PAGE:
Some of the examples in the exhibition address Whitman’s bookmaking practice directly, such as Barbara Henry’s Walt Whitman’s Faces (2012), a letterpress edition of his poem "Faces" (1855) inspired by the diverse assortment of fonts the poet employed the 1860 edition of Leaves of Grass. The work’s play on the word “face”—as referring both to human faces and to typefaces—becomes the key to the “typographic reading” that Henry offers: “In this poem” she writes, “Whitman plays out a central metaphor of printshop vocabulary, that the sort, or individual piece of type, is a man.” Elisabeth Tonnard’s Song of Myself (2015), a humorous pocket book, constructs its satirical commentary by aligning the reference to Whitman’s paean to the self with our over-reliance on social media as a means of sharing the minutiae of life. Robert Blackson’s If There Ever Was: A Book of Distinct and Impossible Smells (2008) employs hand-tipped, scratch and sniff sheets sampling 14 extinct and impossible scents—including the smell of the sun, Cleopatra’s perfume, and “communism”. Considering the olfactory as integral to the perception of abstraction and representation, Blackson’s book serves as away to point to the sensual, earthy dimension of Leaves of Grass while also echoing its physicality.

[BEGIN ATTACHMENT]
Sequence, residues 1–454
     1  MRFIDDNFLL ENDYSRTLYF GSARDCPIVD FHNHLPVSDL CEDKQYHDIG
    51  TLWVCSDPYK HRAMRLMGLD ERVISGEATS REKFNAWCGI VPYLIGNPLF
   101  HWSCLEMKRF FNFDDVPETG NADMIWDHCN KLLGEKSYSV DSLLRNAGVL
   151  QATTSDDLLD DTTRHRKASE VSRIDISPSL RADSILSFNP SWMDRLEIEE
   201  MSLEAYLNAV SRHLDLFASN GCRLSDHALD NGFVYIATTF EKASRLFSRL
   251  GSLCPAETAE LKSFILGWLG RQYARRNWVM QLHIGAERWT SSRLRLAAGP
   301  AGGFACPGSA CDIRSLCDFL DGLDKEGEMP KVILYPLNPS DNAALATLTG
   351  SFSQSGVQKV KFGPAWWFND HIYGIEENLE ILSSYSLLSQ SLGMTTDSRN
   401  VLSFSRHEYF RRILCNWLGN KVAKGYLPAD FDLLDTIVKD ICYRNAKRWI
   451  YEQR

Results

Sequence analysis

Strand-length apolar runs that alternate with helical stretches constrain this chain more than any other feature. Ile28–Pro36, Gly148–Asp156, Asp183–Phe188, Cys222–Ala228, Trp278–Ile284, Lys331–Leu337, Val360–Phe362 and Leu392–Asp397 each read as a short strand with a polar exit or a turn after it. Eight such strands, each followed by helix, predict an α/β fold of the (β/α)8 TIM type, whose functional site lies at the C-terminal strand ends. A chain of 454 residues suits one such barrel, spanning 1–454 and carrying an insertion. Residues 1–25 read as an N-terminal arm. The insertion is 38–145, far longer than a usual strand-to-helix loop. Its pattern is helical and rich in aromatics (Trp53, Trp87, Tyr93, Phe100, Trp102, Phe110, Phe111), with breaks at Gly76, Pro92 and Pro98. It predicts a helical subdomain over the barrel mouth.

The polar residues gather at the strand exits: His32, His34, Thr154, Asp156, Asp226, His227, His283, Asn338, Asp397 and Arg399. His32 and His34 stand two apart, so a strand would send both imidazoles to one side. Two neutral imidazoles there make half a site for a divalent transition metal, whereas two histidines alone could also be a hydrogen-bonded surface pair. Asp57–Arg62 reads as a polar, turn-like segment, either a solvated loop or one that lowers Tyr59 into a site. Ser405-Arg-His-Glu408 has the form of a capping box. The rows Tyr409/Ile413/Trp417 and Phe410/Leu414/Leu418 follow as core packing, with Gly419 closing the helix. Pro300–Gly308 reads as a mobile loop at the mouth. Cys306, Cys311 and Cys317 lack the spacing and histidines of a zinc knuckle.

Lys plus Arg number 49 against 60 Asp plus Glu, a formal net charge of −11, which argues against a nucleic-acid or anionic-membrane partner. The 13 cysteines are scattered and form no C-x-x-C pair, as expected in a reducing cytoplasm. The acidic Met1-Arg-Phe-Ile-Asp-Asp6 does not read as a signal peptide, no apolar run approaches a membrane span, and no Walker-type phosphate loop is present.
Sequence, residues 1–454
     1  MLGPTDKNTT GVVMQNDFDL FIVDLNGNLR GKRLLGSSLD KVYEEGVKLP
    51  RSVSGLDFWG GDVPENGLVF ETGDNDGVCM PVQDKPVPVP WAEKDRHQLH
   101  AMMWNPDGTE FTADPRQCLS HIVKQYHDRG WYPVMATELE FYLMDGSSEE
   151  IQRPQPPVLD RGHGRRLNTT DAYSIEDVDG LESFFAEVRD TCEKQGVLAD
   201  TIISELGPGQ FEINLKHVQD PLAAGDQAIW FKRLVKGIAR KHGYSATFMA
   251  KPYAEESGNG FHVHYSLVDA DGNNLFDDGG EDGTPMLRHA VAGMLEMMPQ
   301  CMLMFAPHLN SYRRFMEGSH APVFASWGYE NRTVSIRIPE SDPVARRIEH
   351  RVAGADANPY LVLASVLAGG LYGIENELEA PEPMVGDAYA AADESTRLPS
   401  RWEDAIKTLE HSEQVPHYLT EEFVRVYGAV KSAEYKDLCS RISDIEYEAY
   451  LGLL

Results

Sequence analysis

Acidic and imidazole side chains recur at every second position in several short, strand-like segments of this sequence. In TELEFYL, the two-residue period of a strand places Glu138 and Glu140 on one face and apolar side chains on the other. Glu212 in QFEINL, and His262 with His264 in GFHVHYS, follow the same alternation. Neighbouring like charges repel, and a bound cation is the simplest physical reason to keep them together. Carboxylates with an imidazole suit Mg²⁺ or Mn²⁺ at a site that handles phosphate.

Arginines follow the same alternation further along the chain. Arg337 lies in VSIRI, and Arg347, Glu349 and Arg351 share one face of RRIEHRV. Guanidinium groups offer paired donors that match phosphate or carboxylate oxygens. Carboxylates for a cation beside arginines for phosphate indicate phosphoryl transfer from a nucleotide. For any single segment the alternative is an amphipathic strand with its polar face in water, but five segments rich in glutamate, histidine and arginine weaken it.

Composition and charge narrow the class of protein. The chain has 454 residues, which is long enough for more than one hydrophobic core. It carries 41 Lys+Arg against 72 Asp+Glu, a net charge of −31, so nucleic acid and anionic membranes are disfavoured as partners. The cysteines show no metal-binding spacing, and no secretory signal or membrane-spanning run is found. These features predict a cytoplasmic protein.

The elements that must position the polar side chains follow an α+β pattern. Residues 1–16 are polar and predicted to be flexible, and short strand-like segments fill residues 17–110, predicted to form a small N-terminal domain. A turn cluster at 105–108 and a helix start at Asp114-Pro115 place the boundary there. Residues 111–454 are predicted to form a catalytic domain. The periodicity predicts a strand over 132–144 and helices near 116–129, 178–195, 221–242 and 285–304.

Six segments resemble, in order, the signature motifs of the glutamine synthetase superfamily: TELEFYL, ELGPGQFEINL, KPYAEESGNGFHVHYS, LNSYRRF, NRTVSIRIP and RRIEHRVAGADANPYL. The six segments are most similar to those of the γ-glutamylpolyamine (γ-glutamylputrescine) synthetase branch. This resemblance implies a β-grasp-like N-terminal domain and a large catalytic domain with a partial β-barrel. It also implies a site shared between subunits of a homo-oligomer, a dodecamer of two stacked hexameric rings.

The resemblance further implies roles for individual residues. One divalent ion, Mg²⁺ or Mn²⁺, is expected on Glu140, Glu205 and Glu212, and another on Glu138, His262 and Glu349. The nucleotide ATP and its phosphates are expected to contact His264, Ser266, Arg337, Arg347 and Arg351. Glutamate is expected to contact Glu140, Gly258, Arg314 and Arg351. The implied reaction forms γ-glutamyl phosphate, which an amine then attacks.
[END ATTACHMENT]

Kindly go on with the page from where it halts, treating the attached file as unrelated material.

These and many other limited edition books by small presses are joined by examples released by more mainstream imprints in much larger numbers. These include Mullholland Books’ elaborate realization of Doug Dorst and J.J. Abrams S (2013) or Pantheon Press’s House of Leaves (2000) by Mark Z. Danielewski, who designed and typeset the book using special software at the firm’s New York Headquarters. The result of these and other efforts by writers such as Jonathan Safran Foer, Wayne Koestenbaum, Brian Selznick and others are experimental novels featuring an intricate blend of typographical and material ingenuities that create correspondences between page layout and physical spaces within the narratives themselves.